2
$\begingroup$

The Gordon–Luecke theorem states that if two (tame) knots have homeomorphic complements in $S^3$, then they are equivalent (up to isotopy and reflections).

It is not the case, however, that distinct knots have complements in $S^3$ with distinct fundamental groups. The standard counterexample is that the square knot and the granny knot have the same knot group. (Though prime knots are distinguished by knot groups).

My question lies in the middle: if two tame knots have homotopy equivalent (but not homeomorphic) knot complements, must they be the same knot up to isotopy and reflection?

Are there any results in this direction?

$\endgroup$
4
$\begingroup$

A knot complement is an Eilenberg–MacLane space (see here, for example), and so its homotopy type is determined by the knot group. Hence your (and every) counterexample for the knot group is also a counterexample for the homotopy type.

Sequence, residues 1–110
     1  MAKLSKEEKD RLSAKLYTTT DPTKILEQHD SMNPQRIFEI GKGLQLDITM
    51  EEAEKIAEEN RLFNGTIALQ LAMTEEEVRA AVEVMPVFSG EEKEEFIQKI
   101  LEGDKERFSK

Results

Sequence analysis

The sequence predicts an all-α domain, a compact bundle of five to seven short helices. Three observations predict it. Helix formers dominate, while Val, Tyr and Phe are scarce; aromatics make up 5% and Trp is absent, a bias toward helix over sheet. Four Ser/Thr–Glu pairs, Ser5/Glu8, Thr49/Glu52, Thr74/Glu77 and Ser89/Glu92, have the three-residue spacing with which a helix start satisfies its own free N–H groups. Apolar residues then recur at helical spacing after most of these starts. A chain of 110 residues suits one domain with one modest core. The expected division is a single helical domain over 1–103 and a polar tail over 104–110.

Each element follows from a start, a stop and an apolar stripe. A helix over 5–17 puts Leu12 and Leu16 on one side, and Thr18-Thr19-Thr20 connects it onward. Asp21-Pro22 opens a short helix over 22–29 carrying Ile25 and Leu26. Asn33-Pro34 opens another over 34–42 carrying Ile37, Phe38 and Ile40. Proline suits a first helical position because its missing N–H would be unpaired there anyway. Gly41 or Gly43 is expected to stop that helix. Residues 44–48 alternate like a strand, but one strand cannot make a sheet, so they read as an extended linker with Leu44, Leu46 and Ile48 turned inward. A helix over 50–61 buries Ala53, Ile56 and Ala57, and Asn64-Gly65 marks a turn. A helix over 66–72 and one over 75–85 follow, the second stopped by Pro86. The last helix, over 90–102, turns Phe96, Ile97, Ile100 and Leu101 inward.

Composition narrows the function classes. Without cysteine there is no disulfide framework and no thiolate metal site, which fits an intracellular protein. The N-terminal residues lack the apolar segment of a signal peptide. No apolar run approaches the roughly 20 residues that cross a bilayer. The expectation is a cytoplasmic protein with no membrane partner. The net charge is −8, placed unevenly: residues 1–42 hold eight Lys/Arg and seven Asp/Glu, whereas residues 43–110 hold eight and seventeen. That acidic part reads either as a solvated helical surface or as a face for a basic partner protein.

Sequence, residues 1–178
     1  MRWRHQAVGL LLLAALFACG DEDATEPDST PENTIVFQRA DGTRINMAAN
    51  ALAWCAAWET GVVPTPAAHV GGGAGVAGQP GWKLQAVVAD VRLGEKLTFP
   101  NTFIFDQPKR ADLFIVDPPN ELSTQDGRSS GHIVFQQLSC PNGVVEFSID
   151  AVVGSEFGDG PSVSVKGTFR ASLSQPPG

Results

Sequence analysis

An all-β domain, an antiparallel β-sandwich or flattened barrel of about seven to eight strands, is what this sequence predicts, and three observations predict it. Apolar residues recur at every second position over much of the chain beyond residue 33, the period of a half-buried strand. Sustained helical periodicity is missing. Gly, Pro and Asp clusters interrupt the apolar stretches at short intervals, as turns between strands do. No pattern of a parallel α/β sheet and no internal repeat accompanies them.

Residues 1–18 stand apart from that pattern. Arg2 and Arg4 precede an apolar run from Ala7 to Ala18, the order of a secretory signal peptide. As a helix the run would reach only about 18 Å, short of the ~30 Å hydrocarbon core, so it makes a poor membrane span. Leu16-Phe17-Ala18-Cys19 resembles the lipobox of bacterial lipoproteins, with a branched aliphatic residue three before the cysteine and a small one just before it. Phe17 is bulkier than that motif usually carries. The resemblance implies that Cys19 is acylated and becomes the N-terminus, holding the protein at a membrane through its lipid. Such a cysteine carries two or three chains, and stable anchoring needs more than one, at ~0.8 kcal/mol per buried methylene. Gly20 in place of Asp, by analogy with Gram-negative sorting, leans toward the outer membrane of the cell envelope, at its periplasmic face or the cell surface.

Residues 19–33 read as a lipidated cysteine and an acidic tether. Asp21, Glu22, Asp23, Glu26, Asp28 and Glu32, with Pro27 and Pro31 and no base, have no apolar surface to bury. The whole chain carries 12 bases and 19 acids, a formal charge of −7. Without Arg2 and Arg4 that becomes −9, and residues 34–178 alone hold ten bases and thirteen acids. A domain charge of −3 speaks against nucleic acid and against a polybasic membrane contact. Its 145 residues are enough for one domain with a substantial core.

$\endgroup$
4
$\begingroup$

Knot complements are aspherical (Papakyriakopoulos), hence, they are homotopy-equivalent if and only if they have isomorphic fundamental groups. The right notion is a relative homotopy-equivalence $$ (X(K_1), \partial X(K_1))\to (X(K_2), \partial X(K_2)), $$ where $X(K)$ denotes the knot exterior (the complement to an open tubular neighborhood of $K$ in $S^3$). Every such relative homotopy-equivalence is (relatively) homotopic to a homeomorphism (this is due to Waldhausen, in greater generality), thus, the Gordon-Luecke theorem applies.

$\endgroup$

Your Answer

By clicking “Post Your Answer”, you agree to our terms of service, privacy policy and cookie policy

Not the answer you're looking for? Browse other questions tagged or ask your own question.